DALLAS — Nerlens Noel could be presenting Rick Carlisle the kind of problem any coach would want to have, as long as the Dallas Mavericks’ new big man can arrive at the airport on time.
Noel’s first start for the Mavs was delayed a couple of days due to his tardiness in getting to the team plane before this week’s trip to Atlanta. He made up for it with his performance in Friday night’s 104-100 win over the playoff-bound Memphis Grizzlies.
Noel, acquired by Dallas from the Philadelphia 76ers at a discount price in a trade-deadline-day deal, was a major force on both ends of the floor against the Grizzlies. His line: 15 points, a career-high-tying 17 rebounds, 2 assists, 2 blocks, a steal and plus-10.
Pretty impressive for a 22-year-old kid whose head is spinning as he tries to digest as much of Carlisle’s massive playbook as possible, not to mention the directions to find the team’s private jet at Love Field.
Nowitzki has started at center with Barnes at power forward for the vast majority of that stretch, and those are the ideal positions for the Mavs’ two best players at this point. Barnes, in particular, has blossomed as a go-to guy during his first season in Dallas in large part because he’s been so effective running the old Dirk iso playbook as a power forward.
But Barnes noted there is a bright side if he sees significant playing time at small forward, his primary position during his stint with the Golden State Warriors. His primary offensive duties with the Warriors were “keeping the lights on with the corner 3,” as he put it. When he plays small forward with the Mavs, he’s often asked to operate as a pick-and-roll ball handler, a new challenge for him.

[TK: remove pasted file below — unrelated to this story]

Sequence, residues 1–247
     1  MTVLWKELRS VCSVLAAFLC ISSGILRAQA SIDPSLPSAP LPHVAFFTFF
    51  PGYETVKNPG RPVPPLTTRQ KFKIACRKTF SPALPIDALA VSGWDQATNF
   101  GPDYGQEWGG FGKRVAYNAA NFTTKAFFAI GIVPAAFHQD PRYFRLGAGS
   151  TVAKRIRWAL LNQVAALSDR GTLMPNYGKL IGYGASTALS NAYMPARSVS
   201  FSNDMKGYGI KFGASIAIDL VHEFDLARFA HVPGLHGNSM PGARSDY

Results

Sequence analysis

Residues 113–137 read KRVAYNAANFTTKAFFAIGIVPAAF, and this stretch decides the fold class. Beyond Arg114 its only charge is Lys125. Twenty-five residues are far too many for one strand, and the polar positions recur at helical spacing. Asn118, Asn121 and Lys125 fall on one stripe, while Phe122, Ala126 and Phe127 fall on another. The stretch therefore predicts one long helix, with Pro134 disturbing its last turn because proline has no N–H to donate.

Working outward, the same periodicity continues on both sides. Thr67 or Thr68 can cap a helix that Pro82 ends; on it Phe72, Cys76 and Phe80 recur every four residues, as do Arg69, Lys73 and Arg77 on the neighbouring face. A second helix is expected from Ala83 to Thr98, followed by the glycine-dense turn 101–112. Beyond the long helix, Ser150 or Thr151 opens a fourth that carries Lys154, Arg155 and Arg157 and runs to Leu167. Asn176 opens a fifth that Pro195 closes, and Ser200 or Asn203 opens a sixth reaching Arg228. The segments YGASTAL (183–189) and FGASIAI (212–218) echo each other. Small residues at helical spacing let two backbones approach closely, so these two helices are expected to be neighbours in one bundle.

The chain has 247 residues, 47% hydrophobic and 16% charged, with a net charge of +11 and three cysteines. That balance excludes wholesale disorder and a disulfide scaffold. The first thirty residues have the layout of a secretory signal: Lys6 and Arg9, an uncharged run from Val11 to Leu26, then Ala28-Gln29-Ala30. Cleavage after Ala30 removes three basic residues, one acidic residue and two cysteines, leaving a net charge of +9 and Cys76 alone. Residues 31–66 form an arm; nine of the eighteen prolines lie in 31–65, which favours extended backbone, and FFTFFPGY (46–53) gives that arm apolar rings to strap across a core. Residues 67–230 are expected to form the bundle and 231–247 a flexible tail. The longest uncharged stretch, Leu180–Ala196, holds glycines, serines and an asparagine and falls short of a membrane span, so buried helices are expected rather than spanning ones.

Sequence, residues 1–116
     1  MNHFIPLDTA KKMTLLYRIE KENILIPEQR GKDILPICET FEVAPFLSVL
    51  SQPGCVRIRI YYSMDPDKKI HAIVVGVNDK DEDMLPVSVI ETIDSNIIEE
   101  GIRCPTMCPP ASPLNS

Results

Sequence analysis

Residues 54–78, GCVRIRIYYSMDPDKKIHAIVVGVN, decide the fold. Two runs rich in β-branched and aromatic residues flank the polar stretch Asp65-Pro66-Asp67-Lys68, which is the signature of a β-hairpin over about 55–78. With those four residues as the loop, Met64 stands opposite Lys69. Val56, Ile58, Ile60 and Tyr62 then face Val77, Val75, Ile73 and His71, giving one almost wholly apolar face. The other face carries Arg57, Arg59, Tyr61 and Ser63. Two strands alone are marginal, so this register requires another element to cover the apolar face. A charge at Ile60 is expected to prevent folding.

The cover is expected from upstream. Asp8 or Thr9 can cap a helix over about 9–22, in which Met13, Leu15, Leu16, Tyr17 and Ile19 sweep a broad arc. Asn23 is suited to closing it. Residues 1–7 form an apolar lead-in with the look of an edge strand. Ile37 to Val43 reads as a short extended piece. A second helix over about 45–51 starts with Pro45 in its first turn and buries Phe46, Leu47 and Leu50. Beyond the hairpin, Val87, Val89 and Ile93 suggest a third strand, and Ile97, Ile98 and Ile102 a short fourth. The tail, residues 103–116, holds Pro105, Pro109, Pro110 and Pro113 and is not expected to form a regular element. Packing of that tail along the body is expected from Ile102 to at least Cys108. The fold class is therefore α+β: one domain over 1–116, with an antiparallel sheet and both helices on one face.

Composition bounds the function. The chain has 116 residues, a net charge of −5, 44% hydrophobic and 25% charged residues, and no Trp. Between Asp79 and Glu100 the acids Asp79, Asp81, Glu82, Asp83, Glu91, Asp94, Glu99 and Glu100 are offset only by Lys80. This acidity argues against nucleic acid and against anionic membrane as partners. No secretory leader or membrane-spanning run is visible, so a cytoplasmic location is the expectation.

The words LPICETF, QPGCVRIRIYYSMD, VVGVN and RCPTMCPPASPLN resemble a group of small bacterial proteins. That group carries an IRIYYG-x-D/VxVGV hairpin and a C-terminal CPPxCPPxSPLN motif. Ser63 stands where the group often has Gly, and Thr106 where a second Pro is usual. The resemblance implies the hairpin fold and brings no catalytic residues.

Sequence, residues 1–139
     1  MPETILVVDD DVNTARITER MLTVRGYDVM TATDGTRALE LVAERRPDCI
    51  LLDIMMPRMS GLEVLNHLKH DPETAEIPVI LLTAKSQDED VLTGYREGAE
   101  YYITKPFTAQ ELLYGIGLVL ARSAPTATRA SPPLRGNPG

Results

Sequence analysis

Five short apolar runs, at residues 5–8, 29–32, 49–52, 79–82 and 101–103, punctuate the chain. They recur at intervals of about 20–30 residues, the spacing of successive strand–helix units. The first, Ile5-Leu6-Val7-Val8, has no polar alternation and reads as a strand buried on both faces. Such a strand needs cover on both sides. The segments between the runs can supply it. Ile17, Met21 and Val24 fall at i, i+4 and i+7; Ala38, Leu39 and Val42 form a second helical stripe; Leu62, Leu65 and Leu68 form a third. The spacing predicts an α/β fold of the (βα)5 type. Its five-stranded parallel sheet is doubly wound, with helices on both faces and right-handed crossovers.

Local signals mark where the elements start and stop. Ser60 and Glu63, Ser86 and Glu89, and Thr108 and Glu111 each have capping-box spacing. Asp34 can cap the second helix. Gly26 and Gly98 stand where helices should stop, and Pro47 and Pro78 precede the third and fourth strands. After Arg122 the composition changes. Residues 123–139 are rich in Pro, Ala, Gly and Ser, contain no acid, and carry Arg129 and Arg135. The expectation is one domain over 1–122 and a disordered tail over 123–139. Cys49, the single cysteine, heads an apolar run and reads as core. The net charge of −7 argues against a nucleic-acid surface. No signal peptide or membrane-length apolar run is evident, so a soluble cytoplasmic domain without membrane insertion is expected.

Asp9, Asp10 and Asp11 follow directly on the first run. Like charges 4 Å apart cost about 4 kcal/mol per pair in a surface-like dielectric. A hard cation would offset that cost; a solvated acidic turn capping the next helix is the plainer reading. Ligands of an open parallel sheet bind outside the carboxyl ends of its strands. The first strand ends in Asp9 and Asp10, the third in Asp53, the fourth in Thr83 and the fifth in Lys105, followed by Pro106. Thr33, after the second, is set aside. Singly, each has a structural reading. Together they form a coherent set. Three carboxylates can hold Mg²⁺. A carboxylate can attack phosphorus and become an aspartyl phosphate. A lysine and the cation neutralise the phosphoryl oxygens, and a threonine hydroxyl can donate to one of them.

“It’s still an area I need improving on, but it’s good,” Barnes said. “The iso part, I’ve got a lot of reps at. I’ve done that, so now pick-and-roll is my next step.”
The next step for Noel is keeping his nose in Carlisle’s playbook. He’s essentially cramming for a basketball calculus exam on a daily basis now.
“It’s huge. It’s crazy,” Noel said. “They’re telling me I’m barely learning half of it right now.”
Nowitzki and Noel’s other new teammates occasionally need to push him toward the right spots on offense. They can deal with the big man making mistakes, whether it’s calling the wrong defensive coverage or not running a play properly, as long as he’s going 100 miles per hour.
Besides, Noel’s instincts, length and athleticism can make up for a lot of mistakes. You can live with a learning curve when a guy can make plays like rejecting Marc Gasol at the rim or throwing down a lob in traffic after setting a screen and diving to the rim.
“Playing with energy is contagious,” Noel said. “It puts you in a position to really change the game.”
Noel has put Carlisle in a position to consider changing the starting lineup on a permanent basis.